Forever haunted by my genealogical past, I did everything in my power to be the antithesis of who he was and what he stood for without exposing a well-kept family secret. At some stages of my younger life I genuinely questioned if things would ever get better or if this little portion of America would stay forever halted in the past.
When discussing race in Alabama, one will often find, within a white dominated crowd, people acknowledge the past to a degree but there will always be a quite daunting sentiment that seemed incongruent with the current race relations of America today stated. ‘When will people get over it?’
That sentence would be reiterated to me by an Irish Department of Justice and Equality official when I found myself working for an organisation that advocated for survivors of the Magdalene Laundries. Although I took the internship position to fulfil my requirements for my masters degree, I had at this point become deeply entrenched in the institutionalized abuse of women by the Catholic church.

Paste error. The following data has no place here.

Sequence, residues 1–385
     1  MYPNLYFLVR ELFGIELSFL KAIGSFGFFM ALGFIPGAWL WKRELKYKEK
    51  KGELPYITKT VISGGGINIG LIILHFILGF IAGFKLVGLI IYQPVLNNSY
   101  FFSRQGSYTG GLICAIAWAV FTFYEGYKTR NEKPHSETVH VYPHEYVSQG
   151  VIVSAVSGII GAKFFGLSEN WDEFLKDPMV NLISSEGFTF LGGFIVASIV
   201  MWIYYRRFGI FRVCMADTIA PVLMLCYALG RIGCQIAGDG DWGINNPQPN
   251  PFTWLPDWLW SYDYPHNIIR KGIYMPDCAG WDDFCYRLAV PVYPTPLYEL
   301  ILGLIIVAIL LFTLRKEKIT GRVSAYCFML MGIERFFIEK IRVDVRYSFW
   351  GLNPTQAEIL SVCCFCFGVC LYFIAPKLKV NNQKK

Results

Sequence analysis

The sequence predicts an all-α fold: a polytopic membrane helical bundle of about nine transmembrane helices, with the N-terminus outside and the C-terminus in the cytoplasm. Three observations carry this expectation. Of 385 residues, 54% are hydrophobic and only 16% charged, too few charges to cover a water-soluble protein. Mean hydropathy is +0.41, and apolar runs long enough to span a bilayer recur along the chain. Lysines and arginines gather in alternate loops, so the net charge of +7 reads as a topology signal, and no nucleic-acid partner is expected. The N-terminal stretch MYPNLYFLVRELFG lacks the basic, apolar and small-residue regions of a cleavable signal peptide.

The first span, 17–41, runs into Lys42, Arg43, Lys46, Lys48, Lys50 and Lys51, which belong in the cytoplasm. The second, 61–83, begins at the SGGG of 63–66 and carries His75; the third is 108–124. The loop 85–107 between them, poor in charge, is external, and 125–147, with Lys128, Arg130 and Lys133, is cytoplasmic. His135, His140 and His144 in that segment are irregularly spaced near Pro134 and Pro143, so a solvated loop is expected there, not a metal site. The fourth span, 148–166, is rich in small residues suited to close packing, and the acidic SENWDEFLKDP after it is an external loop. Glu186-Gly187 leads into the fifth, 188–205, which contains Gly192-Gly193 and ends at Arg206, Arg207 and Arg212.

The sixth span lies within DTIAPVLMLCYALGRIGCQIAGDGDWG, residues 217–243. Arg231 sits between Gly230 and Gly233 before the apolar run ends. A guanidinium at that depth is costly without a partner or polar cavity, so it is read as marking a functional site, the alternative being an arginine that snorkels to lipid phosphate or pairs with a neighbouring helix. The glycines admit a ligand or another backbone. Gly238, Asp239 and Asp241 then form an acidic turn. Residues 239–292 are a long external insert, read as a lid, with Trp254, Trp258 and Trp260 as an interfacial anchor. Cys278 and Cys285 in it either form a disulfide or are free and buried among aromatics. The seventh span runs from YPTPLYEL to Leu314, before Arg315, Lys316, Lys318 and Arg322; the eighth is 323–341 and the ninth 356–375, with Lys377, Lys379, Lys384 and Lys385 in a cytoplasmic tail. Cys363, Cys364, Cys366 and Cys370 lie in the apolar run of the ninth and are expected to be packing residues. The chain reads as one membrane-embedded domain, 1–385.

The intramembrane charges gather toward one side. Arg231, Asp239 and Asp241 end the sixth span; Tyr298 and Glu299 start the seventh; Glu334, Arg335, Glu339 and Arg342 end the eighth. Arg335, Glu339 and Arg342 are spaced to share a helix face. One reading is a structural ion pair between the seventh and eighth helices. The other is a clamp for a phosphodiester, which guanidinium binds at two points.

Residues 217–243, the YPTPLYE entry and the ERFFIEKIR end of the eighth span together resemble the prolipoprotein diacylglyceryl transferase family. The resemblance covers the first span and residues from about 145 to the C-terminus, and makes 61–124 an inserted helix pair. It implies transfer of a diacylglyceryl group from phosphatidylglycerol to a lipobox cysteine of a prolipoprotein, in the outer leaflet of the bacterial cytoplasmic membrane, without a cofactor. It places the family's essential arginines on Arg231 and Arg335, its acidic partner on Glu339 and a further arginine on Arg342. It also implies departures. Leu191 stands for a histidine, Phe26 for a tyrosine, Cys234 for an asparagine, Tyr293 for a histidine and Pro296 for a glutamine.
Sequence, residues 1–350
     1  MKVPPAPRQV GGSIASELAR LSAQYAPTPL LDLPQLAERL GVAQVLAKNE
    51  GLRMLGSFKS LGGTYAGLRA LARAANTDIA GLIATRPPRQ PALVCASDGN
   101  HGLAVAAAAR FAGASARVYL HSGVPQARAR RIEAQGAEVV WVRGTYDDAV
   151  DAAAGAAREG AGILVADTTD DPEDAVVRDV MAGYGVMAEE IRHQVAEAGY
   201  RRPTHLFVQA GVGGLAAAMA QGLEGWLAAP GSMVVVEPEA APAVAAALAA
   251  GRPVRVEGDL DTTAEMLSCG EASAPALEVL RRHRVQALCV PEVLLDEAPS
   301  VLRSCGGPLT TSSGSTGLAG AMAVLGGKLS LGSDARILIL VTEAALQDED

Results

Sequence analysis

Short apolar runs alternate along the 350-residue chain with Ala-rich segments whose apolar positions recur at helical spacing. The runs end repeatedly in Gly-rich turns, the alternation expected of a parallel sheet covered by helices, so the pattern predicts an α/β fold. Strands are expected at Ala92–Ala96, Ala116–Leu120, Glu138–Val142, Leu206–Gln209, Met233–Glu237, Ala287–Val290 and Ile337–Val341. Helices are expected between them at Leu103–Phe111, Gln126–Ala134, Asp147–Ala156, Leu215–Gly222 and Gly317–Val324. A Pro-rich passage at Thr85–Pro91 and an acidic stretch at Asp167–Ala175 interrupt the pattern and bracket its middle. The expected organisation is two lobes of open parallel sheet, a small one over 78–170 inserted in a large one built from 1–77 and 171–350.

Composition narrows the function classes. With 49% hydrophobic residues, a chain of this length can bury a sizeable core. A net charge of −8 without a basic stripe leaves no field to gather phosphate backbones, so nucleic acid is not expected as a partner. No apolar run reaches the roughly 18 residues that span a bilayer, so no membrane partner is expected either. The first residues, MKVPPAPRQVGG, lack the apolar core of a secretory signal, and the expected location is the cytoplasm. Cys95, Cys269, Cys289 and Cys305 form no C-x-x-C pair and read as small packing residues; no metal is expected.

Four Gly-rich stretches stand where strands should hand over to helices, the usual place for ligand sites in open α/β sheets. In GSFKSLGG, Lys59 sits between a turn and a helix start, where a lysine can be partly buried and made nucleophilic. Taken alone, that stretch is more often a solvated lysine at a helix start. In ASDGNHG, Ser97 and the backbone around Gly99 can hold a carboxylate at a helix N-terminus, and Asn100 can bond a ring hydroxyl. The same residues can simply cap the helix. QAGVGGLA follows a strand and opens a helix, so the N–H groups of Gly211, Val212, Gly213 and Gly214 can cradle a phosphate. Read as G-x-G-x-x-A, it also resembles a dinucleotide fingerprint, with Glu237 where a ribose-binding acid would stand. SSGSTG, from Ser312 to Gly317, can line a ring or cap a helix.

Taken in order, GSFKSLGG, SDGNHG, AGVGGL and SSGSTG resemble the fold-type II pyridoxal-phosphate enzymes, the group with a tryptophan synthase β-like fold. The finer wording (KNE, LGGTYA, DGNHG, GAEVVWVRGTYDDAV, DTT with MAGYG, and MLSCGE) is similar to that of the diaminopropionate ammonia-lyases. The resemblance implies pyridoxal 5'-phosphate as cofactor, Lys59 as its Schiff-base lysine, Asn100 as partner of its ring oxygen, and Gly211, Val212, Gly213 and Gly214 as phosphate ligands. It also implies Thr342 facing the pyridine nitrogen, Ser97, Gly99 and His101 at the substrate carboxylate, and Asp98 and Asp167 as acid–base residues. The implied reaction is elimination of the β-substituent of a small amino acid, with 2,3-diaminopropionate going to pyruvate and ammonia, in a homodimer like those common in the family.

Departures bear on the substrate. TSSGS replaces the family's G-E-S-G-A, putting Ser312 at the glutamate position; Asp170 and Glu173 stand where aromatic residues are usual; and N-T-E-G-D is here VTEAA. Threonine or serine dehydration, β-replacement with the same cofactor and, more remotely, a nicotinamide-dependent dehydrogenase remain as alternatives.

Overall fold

The Official in question would ask me this at a post-United Nations review session cocktail event while still in Geneva. Even at the very meeting, him and all the others involved with the Magdalene redress scheme were to be questioned on their productivity, there was still a lack of understanding of how demeaning Ireland treated women by eliminating their own autonomy and entrapping them for almost a century.
As the words left his mouth, it was as if I’d already knew the discussion that was going to ensue because I’d had it multiple times before in Alabama. I firmly pleaded with him to understand that the issues of the past are most definitely the issues of today’s Ireland. I was met with a smug smile that seemed to purvey a sense of insignificance.
The stage and actors had been transformed but the narrative still remained. It was when I knew I had not escaped Alabama’s tumultuous race relations but simply exchanged one group of oppressors for another.
I reminisce on this day quite frequently when wrestling with the love I have for Ireland and Alabama, while recognising the horrible truths of the societies’ biases. As my Irish classmates questioned me about Alabama and the treatment of African Americans, there was cognisant thoughtfulness on how the issues of the past still were perceived as issues of today.